U.S. Factory Orders Down - Don't Worry, This Is Just Boeing Again

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Includes: BA
by: Tim Worstall
Summary

If factory orders fall then we're worried - people ordering less is a sign of a coming recession, possibly.

However, if we know why orders are down - one single plant or company - then we're very much less worried.

The factory orders drop is to do with Boeing's ongoing troubles, not the economy as a whole.

Why Do We Look At All These Macroeconomic Numbers?

As investors we're trying to do two things. Firstly, make sense of what is happening in the economy around us, secondly, trying to game through what the authorities might do about anything. For example, and just an example, say we say that industrial activity was falling. That could - could - indicate a coming recession. So, we position ourselves one way. But then we think, well, what will the monetary and fiscal policy be to try and beat this recession? That might indicate another stance.

Or, even, we might find that the change in our number isn't to do with something in the economy in general - it's about one specific company, something that's not going to be changed by the policy mix.

Which is where we are today. Yes, a fall in factory orders is usually the sort of thing that would have policy makers sharpening their pencils. But we can actually see that this is largely about Boeing, therefore no policy change is likely.

So, What Are The Numbers?

Factory orders is another one of those calculations we use to try to see whether the economy is growing or shrinking. Too fast and we might see an interest rate rise to cool things off. A drop and maybe a cut, or a loosening of monetary policy at least. Either of which would change our investment stance quite a bit. So, we're seeing a fall in factory orders, here comes the Fed cut? Not so fast:

New orders for manufactured goods in April, down two of the last three months, decreased $4.0 billion or 0.8 percent to $499.3 billion, the U.S. Census Bureau reported today. This followed a 1.3 percent March increase. Shipments, down following two consecutive monthly increases, decreased $2.7 billion or 0.5 percent to $504.1 billion. This followed a 0.2 percent March increase.

In chart form:

Census - US factory orders (US Factory Orders from Census)

That's the Bare Numbers, But Is This A Problem?

To work out either whether there's a recession a'comin', or whether there's going to be a change in policy, we've got to drill down a little more into these numbers. Is this something due to a known and specific problem? Or are we talking about a general - if slight so far - slow down in the manufacturing economy. Moody's Analytics helps us out here:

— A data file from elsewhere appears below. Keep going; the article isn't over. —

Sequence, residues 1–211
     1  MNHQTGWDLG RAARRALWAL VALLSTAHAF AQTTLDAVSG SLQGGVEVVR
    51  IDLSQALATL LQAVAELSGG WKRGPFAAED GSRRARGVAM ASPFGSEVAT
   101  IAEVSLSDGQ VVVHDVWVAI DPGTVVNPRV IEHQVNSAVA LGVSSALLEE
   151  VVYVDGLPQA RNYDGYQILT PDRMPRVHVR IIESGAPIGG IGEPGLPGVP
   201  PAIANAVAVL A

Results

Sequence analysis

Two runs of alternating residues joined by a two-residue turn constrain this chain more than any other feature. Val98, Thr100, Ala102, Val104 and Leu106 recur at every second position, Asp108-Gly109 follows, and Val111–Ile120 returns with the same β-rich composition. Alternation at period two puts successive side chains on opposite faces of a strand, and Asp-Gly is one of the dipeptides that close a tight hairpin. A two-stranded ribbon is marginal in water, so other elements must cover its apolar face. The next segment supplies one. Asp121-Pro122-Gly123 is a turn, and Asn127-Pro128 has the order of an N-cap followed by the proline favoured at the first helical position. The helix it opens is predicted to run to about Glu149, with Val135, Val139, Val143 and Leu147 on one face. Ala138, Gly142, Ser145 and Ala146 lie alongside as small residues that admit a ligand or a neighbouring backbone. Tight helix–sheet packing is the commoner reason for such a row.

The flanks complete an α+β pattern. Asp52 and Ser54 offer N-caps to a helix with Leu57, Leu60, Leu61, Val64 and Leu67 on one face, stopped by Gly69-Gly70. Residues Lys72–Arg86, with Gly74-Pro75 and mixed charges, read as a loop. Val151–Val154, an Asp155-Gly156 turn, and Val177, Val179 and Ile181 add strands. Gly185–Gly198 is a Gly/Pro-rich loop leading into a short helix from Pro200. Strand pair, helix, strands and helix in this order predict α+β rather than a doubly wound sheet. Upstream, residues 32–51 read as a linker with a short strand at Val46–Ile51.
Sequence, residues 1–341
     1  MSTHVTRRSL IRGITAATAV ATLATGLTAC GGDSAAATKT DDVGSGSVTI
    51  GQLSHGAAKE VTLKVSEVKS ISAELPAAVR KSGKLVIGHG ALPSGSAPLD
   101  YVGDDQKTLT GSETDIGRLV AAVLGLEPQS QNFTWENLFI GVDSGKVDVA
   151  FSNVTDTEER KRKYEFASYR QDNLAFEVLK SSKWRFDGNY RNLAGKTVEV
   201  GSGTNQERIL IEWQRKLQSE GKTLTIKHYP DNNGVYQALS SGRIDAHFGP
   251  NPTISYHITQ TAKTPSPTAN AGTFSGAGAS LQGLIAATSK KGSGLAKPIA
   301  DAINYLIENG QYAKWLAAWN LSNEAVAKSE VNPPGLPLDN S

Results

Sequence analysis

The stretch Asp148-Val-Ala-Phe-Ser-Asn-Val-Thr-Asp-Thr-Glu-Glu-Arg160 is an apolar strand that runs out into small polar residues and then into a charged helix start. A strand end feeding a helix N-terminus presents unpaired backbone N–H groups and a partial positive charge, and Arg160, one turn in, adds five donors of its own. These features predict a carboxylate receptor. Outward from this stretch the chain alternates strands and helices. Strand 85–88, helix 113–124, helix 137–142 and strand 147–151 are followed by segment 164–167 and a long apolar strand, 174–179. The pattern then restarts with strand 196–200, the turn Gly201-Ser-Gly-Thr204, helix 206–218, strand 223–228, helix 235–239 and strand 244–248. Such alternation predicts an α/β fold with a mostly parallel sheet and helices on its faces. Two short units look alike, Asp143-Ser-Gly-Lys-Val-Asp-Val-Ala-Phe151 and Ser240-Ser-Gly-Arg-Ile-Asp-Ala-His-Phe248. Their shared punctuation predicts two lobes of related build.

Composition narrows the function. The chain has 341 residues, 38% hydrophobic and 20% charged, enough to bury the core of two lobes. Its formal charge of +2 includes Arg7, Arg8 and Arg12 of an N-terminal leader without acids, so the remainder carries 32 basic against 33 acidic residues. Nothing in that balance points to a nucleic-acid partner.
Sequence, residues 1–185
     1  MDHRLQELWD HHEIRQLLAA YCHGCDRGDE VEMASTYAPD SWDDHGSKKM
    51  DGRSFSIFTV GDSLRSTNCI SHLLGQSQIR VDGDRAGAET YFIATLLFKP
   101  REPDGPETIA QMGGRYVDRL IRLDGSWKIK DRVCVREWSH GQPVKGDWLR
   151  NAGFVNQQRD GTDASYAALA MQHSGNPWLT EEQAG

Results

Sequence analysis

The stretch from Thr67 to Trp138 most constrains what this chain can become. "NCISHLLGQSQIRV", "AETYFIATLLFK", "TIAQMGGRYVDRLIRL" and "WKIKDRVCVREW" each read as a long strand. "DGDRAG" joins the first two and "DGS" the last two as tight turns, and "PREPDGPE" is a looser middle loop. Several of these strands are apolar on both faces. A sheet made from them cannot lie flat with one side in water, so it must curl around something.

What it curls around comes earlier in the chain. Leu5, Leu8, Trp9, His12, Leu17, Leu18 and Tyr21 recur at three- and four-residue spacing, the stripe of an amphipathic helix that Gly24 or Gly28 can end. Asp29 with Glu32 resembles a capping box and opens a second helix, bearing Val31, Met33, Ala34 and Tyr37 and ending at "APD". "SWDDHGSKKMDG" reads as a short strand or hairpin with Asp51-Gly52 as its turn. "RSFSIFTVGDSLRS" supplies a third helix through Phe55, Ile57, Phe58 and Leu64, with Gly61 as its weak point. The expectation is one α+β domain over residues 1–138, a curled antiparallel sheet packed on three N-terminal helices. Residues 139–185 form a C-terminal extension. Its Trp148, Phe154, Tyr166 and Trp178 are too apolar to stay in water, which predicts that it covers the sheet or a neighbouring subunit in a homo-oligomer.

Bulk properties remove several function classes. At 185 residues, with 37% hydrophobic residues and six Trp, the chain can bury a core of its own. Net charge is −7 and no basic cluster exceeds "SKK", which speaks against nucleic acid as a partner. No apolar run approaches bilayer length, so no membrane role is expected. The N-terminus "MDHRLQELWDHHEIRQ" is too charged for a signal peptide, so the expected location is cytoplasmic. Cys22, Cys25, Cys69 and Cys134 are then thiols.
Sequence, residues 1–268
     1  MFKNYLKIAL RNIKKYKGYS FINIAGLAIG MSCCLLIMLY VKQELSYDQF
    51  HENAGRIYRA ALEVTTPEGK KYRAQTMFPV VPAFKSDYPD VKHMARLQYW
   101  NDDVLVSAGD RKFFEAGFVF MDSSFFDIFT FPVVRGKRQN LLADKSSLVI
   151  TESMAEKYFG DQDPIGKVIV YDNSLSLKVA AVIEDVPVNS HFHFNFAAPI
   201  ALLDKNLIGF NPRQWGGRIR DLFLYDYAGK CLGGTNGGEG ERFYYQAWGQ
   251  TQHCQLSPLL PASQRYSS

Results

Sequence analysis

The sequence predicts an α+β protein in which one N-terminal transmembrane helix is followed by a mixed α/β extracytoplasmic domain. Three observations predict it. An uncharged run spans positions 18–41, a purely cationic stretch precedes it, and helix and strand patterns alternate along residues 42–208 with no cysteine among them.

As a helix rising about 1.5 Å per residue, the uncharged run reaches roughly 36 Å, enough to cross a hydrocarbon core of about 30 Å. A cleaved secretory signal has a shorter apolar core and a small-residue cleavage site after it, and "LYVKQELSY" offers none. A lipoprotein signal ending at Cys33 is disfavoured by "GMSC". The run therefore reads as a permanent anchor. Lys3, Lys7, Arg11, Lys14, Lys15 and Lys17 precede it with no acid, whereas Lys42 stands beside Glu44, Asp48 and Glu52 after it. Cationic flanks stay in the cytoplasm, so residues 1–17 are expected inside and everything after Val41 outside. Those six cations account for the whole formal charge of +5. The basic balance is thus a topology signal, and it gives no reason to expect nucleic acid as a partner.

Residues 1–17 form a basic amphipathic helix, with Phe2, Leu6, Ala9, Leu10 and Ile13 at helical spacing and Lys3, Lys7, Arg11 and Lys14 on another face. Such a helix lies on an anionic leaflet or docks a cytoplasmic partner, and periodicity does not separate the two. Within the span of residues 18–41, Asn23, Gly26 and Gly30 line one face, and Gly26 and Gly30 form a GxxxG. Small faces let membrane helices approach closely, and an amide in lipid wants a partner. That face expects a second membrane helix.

Factory orders by sector - Moody (Factory Orders by sector from Moody's Analytics)

There we can see that the drop is in durables. And when we exclude aircraft much of the problem goes away. Which brings us back to the durables report from before:

And what is it that we know about aircraft at present? Well, the big shipper of non-defence aircraft is Boeing, isn't it? Who we know has something of a little problem at present.... Well, quite, who is going to order planes they can't actually use even if they could take delivery? We rather expect a certain hiccup in this number at present therefore.

A Diversion

But if we have all this information from the durables numbers, why do we need the factory orders one? The answer being that whatever the economic numbers are they've got to make sense. The thigh bone is connected to the economic hip bone if you like. The reason to look at different variants, different collection methods, different definitions, is that they should all be telling us the same story.

Paul Krugman has famously used the idea to rubbish one particular claim. That wages haven't risen with productivity. If this were to be true then the labor share of GDP must - note must - have fallen. It didn't, at least up until the late 90s when that wages/productivity claim was first made, therefore it's the claim that is wrong. Yes, it has since then so it might be right since then. But given that we're describing the same economy all our different numbers should be telling the same story. One that's wildly at variance must be suspect.

So What Are These Numbers Telling Us?

The durables, the factory orders, numbers are indicating that there's something of a slowdown in the manufacturing sector of the economy. Normally this would prep us for a change in policy. However, that deeper drill tells us that we're really talking about Boeing. That might tell us something interesting about Boeing's problems but not about the economy in general.

The Investor Takeaway

Sure, it's interesting to see how large Boeing is, problems in just the one company turn up in the national economic statistics. But the headline numbers would lead us to think there might be a change in policy coming. We would therefore need to position ourselves for lower interest rates, or at least looser monetary policy. Deeper drilling into the numbers tells us it's really about Boeing and the 737 MAX. Yes, a problem, but not one that's going to be solved by changes in macroeconomic policy. Thus we'd not expect such a change in policy at present.

Disclosure: I/we have no positions in any stocks mentioned, and no plans to initiate any positions within the next 72 hours. I wrote this article myself, and it expresses my own opinions. I am not receiving compensation for it (other than from Seeking Alpha). I have no business relationship with any company whose stock is mentioned in this article.